You might also know Common Cattails (Typha latifolia) as bulrushes. These perennial aquatic plants are widely associated with growing in shallow waters in boggy marshes and wetland areas across temperate regions in North America.
Cattails have an upright growth habit with basal leaves, a long, narrow upright stem, and a tall cylindrical inflorescence. With the right conditions, these plants can grow up to three meters tall. They have a rhizomatous root system and spread rapidly to form attractive thick clumps.
Cattails are monoecious, so the male and female flowers grow on the same plant. The male flowers, which are a shade of yellow, form at the top, and the female ones develop underneath in shades of green. The flowers appear during the summer, and in the fall, the tip of the stalk becomes bare when the male blooms drop off. The female flowers change to a brown shade, and this is when the iconic sausage-shaped spike is visible. It might be stretching it somewhat, but the common name from these plants comes from the fact that it could be said the mature flowering plant looks a bit like a kitties tail!
Cattails can spread rather aggressively, but aside from this, they are known to be a beneficial plant in their natural habitat. The tall, dense clumps provide cover and nutrition for wildlife. Birds often create nesting areas within cattail growing areas.
Over the years, cattail roots have also been used as a starchy food source and the stems have been harvested for making thatch materials, paper, furniture, headwear, and more. Known for being an effective biomass source, they are often added to compost heaps and used as fuel.
In garden landscapes, cattails are well suited to being grown around pounds, in water gardens, or in areas prone to flooding - they can easily grow in water up to ten inches deep. They can also be a good choice for erosion control on wet slopes, and they make a great privacy screen too. The attractive stems are frequently added to flower arrangements in fresh or dried form.
It's great that these plants are so easy-to-grow, but their fast spreading habit means they can quickly overtake the areas they are grown in. If you have limited space or are worried about them choking out other species, your cattails would be best kept in containers.
|Botanical Name||Typha latifolia|
|Common Name||Common cattail, Broadleaf cattail, Bulrush|
|Plant Type||Perennial, Herbaceous|
|Mature Size||Up to 10 ft. tall|
|Sun Exposure||Full Sun, Partial Shade|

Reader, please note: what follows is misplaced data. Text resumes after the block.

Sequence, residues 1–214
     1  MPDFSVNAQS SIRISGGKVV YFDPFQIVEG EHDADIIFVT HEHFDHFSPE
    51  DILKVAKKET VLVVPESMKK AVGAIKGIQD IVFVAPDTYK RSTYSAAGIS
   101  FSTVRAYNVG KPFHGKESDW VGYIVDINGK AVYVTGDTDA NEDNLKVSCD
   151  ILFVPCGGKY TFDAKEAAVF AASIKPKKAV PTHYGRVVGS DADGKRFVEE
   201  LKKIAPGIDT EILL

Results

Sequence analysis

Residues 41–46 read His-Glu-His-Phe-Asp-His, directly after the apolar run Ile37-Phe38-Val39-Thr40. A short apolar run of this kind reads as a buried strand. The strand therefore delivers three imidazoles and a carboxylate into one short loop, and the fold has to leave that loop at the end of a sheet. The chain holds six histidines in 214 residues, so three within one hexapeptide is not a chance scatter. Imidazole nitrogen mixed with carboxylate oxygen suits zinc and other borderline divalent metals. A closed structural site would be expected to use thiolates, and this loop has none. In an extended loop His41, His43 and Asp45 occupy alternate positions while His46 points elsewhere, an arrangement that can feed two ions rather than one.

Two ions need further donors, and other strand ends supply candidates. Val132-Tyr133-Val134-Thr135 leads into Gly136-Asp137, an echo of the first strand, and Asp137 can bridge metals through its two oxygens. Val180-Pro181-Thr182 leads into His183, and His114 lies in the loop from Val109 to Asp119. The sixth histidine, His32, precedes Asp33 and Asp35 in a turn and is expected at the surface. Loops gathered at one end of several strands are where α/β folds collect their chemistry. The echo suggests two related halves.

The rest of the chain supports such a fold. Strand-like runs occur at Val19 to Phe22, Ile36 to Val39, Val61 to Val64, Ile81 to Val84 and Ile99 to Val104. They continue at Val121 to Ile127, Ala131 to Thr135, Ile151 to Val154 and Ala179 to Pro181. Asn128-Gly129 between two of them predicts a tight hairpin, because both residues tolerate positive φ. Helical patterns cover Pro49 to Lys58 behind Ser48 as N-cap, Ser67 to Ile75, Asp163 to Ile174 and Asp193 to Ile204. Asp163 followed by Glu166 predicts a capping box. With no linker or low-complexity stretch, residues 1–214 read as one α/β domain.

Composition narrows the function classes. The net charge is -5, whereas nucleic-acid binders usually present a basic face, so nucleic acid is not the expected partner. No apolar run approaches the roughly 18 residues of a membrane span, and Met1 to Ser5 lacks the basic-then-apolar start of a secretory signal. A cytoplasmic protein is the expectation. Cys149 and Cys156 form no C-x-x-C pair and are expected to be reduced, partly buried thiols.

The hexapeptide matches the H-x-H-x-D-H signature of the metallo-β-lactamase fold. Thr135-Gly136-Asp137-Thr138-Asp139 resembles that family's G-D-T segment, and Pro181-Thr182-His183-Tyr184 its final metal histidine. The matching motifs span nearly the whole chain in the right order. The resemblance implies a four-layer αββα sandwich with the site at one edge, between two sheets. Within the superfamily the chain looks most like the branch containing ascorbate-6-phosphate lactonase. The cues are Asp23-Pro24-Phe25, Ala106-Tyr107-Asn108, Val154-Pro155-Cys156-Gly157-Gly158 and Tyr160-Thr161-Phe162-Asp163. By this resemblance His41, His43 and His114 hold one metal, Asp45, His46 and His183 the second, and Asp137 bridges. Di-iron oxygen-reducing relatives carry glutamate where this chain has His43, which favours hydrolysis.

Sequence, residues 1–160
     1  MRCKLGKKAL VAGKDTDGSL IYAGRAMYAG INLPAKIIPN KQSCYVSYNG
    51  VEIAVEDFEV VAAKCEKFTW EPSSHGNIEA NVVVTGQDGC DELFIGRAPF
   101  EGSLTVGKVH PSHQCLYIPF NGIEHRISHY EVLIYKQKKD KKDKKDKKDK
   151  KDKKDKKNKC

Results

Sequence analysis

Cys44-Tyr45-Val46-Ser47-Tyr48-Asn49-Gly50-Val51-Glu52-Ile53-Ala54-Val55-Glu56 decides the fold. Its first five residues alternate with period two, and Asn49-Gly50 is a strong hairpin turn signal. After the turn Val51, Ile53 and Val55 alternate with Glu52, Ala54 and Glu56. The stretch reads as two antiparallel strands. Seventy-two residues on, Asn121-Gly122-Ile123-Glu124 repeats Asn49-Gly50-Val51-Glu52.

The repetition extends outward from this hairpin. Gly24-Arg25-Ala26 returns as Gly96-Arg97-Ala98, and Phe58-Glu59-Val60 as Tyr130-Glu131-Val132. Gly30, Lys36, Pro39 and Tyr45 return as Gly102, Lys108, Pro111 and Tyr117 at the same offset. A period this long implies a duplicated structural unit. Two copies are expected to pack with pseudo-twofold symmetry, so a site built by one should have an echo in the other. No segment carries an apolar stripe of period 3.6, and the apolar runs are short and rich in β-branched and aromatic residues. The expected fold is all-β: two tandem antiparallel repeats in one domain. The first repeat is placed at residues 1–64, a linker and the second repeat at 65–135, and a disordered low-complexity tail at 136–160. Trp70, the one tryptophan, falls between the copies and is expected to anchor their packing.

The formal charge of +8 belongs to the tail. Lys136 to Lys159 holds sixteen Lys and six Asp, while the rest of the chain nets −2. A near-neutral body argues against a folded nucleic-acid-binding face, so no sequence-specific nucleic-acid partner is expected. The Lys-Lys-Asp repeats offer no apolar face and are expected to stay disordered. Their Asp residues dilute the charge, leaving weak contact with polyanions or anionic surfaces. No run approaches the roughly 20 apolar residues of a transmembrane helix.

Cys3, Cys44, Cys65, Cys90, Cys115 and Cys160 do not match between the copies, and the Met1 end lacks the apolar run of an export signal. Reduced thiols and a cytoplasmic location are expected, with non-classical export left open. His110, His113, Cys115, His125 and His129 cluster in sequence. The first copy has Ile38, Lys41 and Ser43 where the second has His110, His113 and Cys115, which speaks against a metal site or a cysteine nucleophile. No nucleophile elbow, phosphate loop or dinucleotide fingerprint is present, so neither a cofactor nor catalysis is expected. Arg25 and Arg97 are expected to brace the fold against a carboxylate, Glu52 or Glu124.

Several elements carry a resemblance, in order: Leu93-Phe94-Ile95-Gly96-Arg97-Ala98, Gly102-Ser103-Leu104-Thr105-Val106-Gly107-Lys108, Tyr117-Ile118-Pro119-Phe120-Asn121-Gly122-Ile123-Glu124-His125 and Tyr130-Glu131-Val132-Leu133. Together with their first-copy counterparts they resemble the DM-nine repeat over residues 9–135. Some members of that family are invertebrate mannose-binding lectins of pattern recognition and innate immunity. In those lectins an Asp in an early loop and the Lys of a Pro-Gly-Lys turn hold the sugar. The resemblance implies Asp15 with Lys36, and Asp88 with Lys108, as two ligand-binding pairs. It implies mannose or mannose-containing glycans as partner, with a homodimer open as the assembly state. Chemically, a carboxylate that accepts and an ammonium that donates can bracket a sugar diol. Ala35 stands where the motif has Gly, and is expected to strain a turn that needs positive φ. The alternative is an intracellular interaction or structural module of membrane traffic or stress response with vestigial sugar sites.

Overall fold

|Soil pH||Acid, Neutral, Alkaline|
|Hardiness Zones||3 - 10, USA|
|Native Area||Much of the Northern Hemisphere|
|Toxicity||Can absorb environmental toxins|
Cattail Plant Care
With the right conditions, you can develop a cattail colony in no time at all. They are fast-growing and require little maintenance. They do, of course, need the right amount of moisture, though, and they can become invasive if not kept in check in bottomless containers or something similar. Their spreading rhizomes can be tough to get rid of once established. However, they are a great choice in boggy environments where other plants struggle to survive.
Cattails need a full sun or partial shade position to thrive. They can't survive in full shade.
These plants benefit from a rich, loamy soil that contains plenty of organic matter. They can, however, grow in most soil types.
As you would expect from a marshland species, cattails need a lot of moisture to thrive, and this is the most vital element of their care. The soil should be kept wet, and this is why they do best in areas where this can happen naturally. These plants can grow in standing water, with some reports suggesting they will still survive even if this is as much as two feet deep.
Temperature and Humidity
Cattails are most commonly found in temperate regions of North America, but they can also grow in subtropical and elevated tropical regions.
Although young shoots don't cope with frost well, established cattails can handle harsh winters in their dormant state.
Fertilizing cattails isn't generally required or recommended.
Is Cattail Toxic?
Cattails aren't toxic and, as already mentioned, the roots can be used as a food source. They are the type of plants, however, that are known to be an excellent absorber of pollutants. This can be helpful for environmental reasons, but it means care should be taken if you, unusually, plan to harvest your plants as a food source and you live in a polluted urban environment.
Propagating Cattail Plants
Cattails can self-seed freely and spread through their rhizomes. These rhizomes also make it easy to propagate if you want to add a new cluster of plants to a different large landscape area. Young shoots can also be divided in the spring when they are between five and ten inches tall. Just make sure a decent amount of undamaged root is attached.
How to Grow Common Cattail Plants From Seed
If growing cattails from seeds, they need a lot of water for successful germination. They should be sown on the surface of the soil and kept very moist, to the point of being soggy.